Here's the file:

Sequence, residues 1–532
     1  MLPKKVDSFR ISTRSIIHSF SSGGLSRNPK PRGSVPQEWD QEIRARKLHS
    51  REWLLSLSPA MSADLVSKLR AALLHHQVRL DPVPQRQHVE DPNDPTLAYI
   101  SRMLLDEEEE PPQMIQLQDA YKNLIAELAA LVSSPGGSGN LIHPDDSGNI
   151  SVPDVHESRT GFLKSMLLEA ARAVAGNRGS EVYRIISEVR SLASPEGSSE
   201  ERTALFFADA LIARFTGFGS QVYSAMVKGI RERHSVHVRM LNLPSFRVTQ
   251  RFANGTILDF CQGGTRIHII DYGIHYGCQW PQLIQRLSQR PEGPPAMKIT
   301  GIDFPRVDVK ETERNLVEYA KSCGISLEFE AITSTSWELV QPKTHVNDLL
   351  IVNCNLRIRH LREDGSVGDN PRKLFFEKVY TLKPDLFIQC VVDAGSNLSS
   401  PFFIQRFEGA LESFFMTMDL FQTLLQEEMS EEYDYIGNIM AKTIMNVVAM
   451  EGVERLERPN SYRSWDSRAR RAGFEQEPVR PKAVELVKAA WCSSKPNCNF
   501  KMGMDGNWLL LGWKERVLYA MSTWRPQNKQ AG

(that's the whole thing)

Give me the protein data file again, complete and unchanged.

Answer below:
Sequence, residues 1–532
     1  MLPKKVDSFR ISTRSIIHSF SSGGLSRNPK PRGSVPQEWD QEIRARKLHS
    51  REWLLSLSPA MSADLVSKLR AALLHHQVRL DPVPQRQHVE DPNDPTLAYI
   101  SRMLLDEEEE PPQMIQLQDA YKNLIAELAA LVSSPGGSGN LIHPDDSGNI
   151  SVPDVHESRT GFLKSMLLEA ARAVAGNRGS EVYRIISEVR SLASPEGSSE
   201  ERTALFFADA LIARFTGFGS QVYSAMVKGI RERHSVHVRM LNLPSFRVTQ
   251  RFANGTILDF CQGGTRIHII DYGIHYGCQW PQLIQRLSQR PEGPPAMKIT
   301  GIDFPRVDVK ETERNLVEYA KSCGISLEFE AITSTSWELV QPKTHVNDLL
   351  IVNCNLRIRH LREDGSVGDN PRKLFFEKVY TLKPDLFIQC VVDAGSNLSS
   401  PFFIQRFEGA LESFFMTMDL FQTLLQEEMS EEYDYIGNIM AKTIMNVVAM
   451  EGVERLERPN SYRSWDSRAR RAGFEQEPVR PKAVELVKAA WCSSKPNCNF
   501  KMGMDGNWLL LGWKERVLYA MSTWRPQNKQ AG